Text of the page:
For areas of strength, ask the question, “What is the source of our strength and how can we draw more deeply from this source?” Consider factors such as:

  • Motivated people

  • Continual improvement culture

  • Learning organization

  • Open, trusting culture

  • Strong supervisor-employee relationships

  • Clear performance expectations

  • Strong knowledge and skills

  • Good project management

  • Service orientation

  • Strong sense of mission

  • Employee empowerment

  • There are clear consequences for positive and negative behaviors

  • Peer pressure for high performance

Questions to Consider – Areas of Concern

For an area of concern, ask the question, “What is the source of our lower scores in this area?” The team may wish to consider factors such as these:

  • Inadequate knowledge or skills

  • Inadequate authority

  • Lack of information

  • Inadequate or outdated equipment or other resources

  • Insufficient staff

  • Poor workflow

  • Lack of time

  • Inadequate funds

  • Conflicting demands

  • Organizational constraints

  • Rewarding not doing it

  • Punishing to do it

  • Doesn’t matter much if we do it

  • We don’t care enough about it

Based on the discussion, have the team as a whole select what they consider to be the most important factors. Keep in mind what is within your control and what is not and focus primarily on what is. It is important to pass relevant information on issues outside your control to your supervisor, but your action plan needs to focus on what you and your team are able to do.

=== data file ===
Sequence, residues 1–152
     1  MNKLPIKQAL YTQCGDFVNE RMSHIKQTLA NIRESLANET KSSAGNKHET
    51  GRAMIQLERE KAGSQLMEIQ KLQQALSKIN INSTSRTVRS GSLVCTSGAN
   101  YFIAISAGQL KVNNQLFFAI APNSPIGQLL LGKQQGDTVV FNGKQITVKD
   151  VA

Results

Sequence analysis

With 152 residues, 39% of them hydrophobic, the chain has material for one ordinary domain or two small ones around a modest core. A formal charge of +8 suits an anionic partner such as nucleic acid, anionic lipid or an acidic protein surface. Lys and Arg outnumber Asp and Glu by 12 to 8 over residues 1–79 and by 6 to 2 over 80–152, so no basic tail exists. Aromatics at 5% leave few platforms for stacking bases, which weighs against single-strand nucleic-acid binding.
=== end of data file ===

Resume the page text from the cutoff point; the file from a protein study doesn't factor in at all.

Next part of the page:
With the most important factors identified, have the team brainstorm potential solutions and decide upon the solutions to be pursued.

Action Planning

To create the action plan, divide the selected solutions into discrete, concrete steps. The action steps should include tasks that will surmount any identified potential barriers to implementation. List the action steps in the sequence in which they will occur. The Action Plan Template, located in the More on Action Planning section, includes a notional example of what this might look like.

Once action planning is begun, remember that the most effective action plans are clear, specific and linked to your program priorities and objectives.

Think Small and Meaningful

When you develop the action steps, think in terms of how you can create opportunities for small but meaningful accomplishments that will add up to important changes. If the team can immediately “fix” small things, employees will feel that the time spent responding to the survey was worthwhile and their input is valued.

As small achievements accumulate, employees see that positive change is indeed possible and can visualize more positive differences in the future. Success generates more success and creates an optimistic mindset open to more change. With positive momentum, champions and supporters emerge.


Consider the resources needed to accomplish each step. The resources may include time, people, materials, tools, training, authority, or information.

Due Dates

Set a due date for each action step. Make it realistic but aggressive.


Assign accountability to one or more individuals for the completion of each action step, while involving all team members as much as possible.